‘Get lost,’ Sutcliff grumbled.

The dog cried as Sutcliff took a bite of the sandwich.

‘Where’s your owner?’ Sutcliff asked.

The dog yowled and pressed a paw to Sutcliff’s shoe.

‘If I give you a bit will you leave me in peace?’

Sutcliff took another bite of the sandwich then give the rest to the dog. The dog ducked under the bench and Sutcliff heard chewing sounds from underneath him. He ate the rest of his lunch in peace then went back to work.

The next day it was raining. Sutcliff sat on the bench under his umbrella and had his lunch. Just as he was wondering where the little dog was, he saw the dog entering the park and trotting over to him. The dog stopped at his feet and looked up pleadingly with sad eyes.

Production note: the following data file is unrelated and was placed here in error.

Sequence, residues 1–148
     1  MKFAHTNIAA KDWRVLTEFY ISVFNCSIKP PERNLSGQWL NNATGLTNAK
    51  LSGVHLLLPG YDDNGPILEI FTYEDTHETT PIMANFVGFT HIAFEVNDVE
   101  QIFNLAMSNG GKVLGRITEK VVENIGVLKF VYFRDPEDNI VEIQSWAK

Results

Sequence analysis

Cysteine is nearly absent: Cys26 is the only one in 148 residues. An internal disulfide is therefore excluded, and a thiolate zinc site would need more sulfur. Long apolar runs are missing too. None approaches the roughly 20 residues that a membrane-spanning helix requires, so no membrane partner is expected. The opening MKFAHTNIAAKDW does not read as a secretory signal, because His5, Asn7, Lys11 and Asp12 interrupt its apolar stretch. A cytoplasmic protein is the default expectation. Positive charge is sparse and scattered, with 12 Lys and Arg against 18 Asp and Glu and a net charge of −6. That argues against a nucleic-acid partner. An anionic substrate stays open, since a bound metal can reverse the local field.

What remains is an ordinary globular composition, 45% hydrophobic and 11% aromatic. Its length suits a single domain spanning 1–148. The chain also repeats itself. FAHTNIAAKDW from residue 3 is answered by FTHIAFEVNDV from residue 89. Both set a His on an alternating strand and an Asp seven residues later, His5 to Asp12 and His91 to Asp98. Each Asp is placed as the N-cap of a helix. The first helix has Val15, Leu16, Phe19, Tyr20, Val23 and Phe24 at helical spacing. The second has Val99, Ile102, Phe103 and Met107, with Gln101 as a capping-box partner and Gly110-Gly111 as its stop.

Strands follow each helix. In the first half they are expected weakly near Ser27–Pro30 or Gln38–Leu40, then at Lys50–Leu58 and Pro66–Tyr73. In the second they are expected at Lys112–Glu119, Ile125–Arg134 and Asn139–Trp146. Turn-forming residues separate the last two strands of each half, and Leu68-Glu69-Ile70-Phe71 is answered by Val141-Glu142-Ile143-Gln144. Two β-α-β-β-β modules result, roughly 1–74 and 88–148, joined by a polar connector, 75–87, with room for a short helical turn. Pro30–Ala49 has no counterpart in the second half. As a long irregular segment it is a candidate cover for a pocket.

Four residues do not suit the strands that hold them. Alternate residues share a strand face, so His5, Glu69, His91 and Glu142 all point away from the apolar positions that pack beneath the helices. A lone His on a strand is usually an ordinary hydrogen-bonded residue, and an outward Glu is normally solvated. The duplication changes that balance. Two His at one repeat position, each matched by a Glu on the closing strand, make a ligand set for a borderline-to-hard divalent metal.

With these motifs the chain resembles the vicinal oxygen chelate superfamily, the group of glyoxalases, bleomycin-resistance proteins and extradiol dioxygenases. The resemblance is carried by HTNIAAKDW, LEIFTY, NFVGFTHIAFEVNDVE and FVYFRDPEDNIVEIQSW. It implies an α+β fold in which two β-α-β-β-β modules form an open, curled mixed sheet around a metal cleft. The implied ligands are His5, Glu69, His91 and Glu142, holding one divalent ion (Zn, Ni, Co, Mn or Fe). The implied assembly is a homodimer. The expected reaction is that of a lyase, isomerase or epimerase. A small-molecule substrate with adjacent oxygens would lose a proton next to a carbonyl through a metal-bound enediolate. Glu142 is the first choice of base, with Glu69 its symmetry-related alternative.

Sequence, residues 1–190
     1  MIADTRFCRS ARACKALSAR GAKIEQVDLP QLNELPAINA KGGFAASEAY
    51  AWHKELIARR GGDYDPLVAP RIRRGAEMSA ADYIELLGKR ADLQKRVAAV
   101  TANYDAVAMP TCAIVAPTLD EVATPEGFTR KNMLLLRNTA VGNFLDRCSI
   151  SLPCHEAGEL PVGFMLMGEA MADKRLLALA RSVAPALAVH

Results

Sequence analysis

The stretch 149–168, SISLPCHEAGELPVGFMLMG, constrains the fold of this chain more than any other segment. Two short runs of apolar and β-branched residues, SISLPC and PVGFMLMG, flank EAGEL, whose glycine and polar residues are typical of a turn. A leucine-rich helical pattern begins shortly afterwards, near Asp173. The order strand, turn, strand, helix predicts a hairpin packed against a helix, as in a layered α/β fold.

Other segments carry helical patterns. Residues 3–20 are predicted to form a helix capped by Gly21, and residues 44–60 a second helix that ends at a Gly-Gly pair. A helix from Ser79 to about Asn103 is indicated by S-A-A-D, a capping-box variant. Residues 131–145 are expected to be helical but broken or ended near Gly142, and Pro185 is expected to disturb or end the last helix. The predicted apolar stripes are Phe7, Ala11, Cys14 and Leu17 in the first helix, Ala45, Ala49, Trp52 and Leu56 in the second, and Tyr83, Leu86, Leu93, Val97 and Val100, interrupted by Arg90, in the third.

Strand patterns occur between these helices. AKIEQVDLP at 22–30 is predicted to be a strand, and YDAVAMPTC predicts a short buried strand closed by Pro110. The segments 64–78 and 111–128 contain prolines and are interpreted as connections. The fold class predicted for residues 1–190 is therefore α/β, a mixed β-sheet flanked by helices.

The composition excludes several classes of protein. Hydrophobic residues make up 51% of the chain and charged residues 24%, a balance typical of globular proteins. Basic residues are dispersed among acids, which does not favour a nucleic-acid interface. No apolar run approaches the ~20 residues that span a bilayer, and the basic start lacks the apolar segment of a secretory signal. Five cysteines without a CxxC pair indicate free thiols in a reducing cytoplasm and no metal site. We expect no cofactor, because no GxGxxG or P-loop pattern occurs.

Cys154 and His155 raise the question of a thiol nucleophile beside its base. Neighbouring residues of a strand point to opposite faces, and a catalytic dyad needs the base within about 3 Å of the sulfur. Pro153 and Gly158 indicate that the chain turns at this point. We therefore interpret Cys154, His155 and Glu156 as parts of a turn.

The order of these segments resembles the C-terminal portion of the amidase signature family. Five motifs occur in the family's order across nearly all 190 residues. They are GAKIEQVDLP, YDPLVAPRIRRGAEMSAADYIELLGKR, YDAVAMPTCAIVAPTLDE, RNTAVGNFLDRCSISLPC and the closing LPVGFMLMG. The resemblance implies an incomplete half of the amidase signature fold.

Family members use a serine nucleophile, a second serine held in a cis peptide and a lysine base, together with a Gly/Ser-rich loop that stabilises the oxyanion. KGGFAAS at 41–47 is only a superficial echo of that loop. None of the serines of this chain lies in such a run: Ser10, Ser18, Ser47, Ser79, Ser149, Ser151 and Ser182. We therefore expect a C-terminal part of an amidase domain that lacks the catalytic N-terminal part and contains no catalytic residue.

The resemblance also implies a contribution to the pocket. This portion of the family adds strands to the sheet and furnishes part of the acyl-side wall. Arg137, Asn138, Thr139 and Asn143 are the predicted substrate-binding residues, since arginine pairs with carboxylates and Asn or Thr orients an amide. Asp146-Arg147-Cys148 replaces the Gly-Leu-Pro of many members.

Sutcliff signed, ‘it’s just cheese today,’ he said.

The dog cried and shivered, the rain was dripping off it’s soaked fur.

Sutcliff opened the second half of the sandwich and give the chunk of cheese to the dog. The cheese was gone in seconds then the dog went under the bench. Sutcliff looked down and saw the little dog curled up there, behind his legs, sheltered from the rain. Sutcliff finished his lunch and went back to work.

The rest of the week, the same thing happened at lunchtimes. Sutcliff wasn’t sure how the dog knew what time he’d be at Park Square for but the dog was always waiting to share his sandwiches.

‘It’s meant to snow tomorrow,’ Sutcliff told the dog on Friday.

The dog put it’s head to one side then begged for more food.

Sutcliff had now taken to bring extra ham with him. He give the dog another slice.

‘Where do you live?’ Sutcliff asked then laughed at himself.